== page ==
China's dissident Liu Xiaobo dies 'without enemies'

Kristopher Drake
July 15, 2017

China's Nobel laureate Liu Xiaobo died Thursday after a battle with cancer, remaining in custody until the end as officials rebuffed worldwide pleas to let the prominent dissident receive treatment overseas.

Friends and relatives of late Nobel laureate Liu Xiaobo said on Friday they had not been able to contact his widow Liu Xia despite mounting global calls for her to be allowed to leave the country.

"Liu Xiaobo is a criminal who has been sentenced by Chinese judicial departments for violating Chinese law", the Chinese foreign ministry had said in a statement.

In the days after the Chinese writer and dissident Liu Xiaobo was awarded the Nobel Peace Prize, on October 8, 2010, his country cut off trade talks with Norway, home of the Nobel committee, and placed his wife under house arrest.

"We find it deeply disturbing that Liu Xiaobo was not transferred to a facility where he could receive adequate medical treatment before he became terminally ill", the Nobel Committee said in a statement.

In the wake of Liu Xiaobo's death on Thursday, supporters of China's most famous jailed dissident have voiced their worries about the fate of his widow, calling on the Chinese government to finally give Liu Xia her freedom.

The statement praises Liu's leading role as a human rights activist and his unremitting efforts for democracy and tolerance in China. The hospital treating Liu said that he was suffering from respiratory and renal failure, as well as septic shock, and that his family had decided against inserting a breathing tube necessary to keep him alive.

Shortly after Liu's death, Beijing's propaganda machine was already predicting the world would soon forget the democracy advocate, who lost a battle with liver cancer on Thursday at the age of 61.

One of the most important critic of China's Communist Party has died after years of imprisonment.


Germany, UK, France, the United States and Taiwan have called on China to allow her to leave the country if she wishes.

On Friday, there were signs that having condemned Liu to nearly a quarter of his life behind bars, China's leaders were also seeking to control his funeral.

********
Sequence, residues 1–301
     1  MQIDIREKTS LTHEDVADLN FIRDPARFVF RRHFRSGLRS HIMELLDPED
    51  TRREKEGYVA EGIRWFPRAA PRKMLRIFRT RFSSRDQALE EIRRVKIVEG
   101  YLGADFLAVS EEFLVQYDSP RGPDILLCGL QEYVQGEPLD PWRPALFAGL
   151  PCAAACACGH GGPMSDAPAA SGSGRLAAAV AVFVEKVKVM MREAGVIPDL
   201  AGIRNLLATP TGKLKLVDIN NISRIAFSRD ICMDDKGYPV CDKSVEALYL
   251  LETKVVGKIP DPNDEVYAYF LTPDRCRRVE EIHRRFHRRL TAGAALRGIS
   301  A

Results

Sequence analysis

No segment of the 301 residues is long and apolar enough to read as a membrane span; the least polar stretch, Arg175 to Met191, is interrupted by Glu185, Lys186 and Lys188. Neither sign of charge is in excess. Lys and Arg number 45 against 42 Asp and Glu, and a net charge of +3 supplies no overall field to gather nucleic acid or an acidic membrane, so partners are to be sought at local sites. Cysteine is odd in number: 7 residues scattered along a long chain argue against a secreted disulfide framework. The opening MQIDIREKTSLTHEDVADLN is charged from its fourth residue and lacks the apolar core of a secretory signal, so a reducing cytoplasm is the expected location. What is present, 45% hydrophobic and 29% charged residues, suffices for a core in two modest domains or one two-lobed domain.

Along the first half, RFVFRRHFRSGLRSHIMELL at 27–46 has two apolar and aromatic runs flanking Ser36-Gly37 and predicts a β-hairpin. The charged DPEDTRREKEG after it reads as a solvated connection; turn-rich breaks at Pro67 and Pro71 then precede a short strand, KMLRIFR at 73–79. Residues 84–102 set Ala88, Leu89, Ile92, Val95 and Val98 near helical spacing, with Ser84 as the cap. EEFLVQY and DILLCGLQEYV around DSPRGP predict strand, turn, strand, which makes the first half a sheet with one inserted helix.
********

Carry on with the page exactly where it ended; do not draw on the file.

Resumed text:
"If we don't join the students in the square and face the same kind of danger, then we don't have any right to speak", Xiaobo was quoted by Hou. Under de facto house arrest since his Nobel win, Liu Xia saw her communication with the outside world nearly completely cut by the government. We must not forget the "foot soldiers" in the Chinese repressive apparatus who were accomplices: Jia Lianchun, the president of Beijing No. 1 Intermediate People's Court, his assessors Zheng Wenwei and Zhai Changxi, and the prosecutors Zhang Rongge and Pan Xueqing, who were all happy to convict Liu Xiaobo in a trial lasting just two hours.

In 1996, the authorities granted him permission to marry Liu Xia, an artist and poet, whilst still in jail.

On 8 October, 2010, Liu Xiaobo was awarded the Nobel Peace Prize for his "long and nonviolent struggle for fundamental human rights". He was awarded the Nobel Peace Prize the following year.

"The reaction to his illness shows how much he was respected", said Cui Weiping, a former professor of literature in Beijing who knew Liu and now lives in Los Angeles.

"He set a great example for intellectuals in China, and for next generation, that he sacrificed his life for human rights for freedom of speech in China".

A pro-democracy activist mourns the death of Nobel Laureate Liu Xiaobo outside China's Liaison Office in Hong Kong on July 13. "Even if he could live longer, he would never have achieved his political goals". It was a fearless fight that Liu fought.

Other reports by Ligue1talk

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